One of the first donations I got was from a guy from an African church. I was introduced by the pastor of that church. The guy came to me and gave me a hundred euro. He didn’t want anything in return and just said that this is from Jesus to help the girls. I met a Dutch lady who had a bike shop and she invited me to stay at her house. So that saved me hotel costs, and the dinner she offered saved me restaurant costs. She even brought me back to Enschede with her car. Another guy I met at a café paid for my breakfast. I met an ex-supermodel who had visited Sierra Leone before the war and she gave me some money. There was an American guy; who found out about my project through the blog and send me a hundred dollars in the mail. There were a lot of people paying for my hotel and food so that is how I saved money. All this money I didn’t spend went to the girls.

On your blog you mention that your Hajj was not covered in the Dutch media. How important are your online platforms to promote yourself?

My faith is not with people, as an Imam I am guided by God. I don’t care about journalists. I feel that God guided me during my pilgrimage to meet the right people. Even though the established journalists didn’t respond to me, I found alternative journalists that were interested. At the moment, my online presence is very important because I don’t get published anywhere else. So, I need to rely on my Facebook and Blogspot. I don’t feel that it’s in any way inferior to mainstream media because you get to reach people and they read it. Maybe it’s even more democratic because other people can copy me. It’s difficult to copy a newspaper, but everyone can make a blog. As an Imam I’m not living for myself, my life is an experiment to show people how things can be done. I like to keep things low key because I want to inspire people to do things as well.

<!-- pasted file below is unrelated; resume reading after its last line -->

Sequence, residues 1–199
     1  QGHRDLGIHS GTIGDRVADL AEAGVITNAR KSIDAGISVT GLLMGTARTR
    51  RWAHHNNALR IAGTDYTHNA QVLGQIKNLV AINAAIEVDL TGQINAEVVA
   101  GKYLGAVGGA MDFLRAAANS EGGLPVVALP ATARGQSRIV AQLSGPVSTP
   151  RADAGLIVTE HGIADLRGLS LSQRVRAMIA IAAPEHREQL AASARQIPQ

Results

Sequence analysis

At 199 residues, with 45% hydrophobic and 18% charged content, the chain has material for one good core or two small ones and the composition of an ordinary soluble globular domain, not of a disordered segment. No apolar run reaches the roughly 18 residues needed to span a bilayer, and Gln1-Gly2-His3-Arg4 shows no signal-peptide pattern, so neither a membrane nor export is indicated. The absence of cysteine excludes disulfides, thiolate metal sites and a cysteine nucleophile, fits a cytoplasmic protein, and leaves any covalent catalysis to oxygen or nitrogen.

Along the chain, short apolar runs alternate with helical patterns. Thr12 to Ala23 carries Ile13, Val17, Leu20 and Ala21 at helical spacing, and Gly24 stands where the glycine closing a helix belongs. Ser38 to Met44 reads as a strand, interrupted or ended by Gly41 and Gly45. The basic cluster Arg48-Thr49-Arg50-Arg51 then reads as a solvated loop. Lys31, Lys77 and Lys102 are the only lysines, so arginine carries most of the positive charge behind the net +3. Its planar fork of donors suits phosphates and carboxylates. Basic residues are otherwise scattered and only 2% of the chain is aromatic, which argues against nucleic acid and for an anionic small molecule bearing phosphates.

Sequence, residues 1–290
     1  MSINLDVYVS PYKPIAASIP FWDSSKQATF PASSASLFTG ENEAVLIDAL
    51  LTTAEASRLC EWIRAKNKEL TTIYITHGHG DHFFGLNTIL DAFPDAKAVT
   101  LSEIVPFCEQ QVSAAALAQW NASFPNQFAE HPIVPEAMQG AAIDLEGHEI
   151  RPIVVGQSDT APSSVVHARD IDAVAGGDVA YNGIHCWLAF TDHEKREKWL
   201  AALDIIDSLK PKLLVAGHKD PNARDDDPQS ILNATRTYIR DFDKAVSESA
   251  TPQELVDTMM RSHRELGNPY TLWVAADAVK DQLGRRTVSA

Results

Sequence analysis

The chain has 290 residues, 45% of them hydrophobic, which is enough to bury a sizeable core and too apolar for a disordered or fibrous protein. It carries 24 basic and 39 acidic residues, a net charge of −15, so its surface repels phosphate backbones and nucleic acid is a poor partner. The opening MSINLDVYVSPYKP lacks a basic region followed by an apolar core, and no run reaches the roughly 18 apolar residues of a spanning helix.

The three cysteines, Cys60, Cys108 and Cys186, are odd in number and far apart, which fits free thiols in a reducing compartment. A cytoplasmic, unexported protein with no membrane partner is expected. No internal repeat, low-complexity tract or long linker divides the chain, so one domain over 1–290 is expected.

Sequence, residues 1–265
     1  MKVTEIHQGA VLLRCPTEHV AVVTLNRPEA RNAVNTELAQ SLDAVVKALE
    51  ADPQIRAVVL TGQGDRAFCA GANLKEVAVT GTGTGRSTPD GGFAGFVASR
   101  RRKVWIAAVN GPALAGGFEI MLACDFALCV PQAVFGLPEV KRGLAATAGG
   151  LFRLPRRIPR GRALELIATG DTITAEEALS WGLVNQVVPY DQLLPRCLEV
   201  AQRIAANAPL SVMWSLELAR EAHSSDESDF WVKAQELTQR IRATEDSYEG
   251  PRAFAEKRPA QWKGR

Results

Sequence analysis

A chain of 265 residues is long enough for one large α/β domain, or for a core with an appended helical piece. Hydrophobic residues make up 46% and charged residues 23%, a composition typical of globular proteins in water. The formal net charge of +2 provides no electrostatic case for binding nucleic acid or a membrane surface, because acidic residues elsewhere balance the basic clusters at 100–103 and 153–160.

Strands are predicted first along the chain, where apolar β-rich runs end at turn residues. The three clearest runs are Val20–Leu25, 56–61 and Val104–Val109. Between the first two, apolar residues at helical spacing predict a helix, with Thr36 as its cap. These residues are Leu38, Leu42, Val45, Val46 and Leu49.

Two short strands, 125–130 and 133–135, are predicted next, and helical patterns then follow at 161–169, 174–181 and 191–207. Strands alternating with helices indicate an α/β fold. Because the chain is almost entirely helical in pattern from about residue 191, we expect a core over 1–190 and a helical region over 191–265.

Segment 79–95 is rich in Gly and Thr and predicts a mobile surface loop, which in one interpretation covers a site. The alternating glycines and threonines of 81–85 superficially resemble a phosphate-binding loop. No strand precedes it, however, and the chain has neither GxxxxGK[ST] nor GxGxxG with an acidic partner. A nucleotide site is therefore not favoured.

Who is your ideal audience and how do you want to impact their lives?

The audience that I have now is my ideal audience. Average people that are independent thinkers, that have their own opinion and want to research the truth. I expect them to be sincere, just like I’m trying to be sincere in my search for Allah. That kind of people…

Salima Essakkati and Sander de Kramer a.k.a. Chief Ouwe Dibbes
Fig4. - Salima Essakkati and Sander de Kramer a.k.a. Chief Ouwe Dibbes.

Would you call yourself a feminist?

I would not call myself a feminist, but I do use it to communicate my ideas. To show which side I’m on. There are many female Imams that don’t necessarily want more rights for women. To clarify that I don’t agree with that, I say that I’m a feminist but actually I’m a humanist. Because I’m a woman I call my humanism, feminism but I would like to even include animals to make it more universal. I want more love in the world!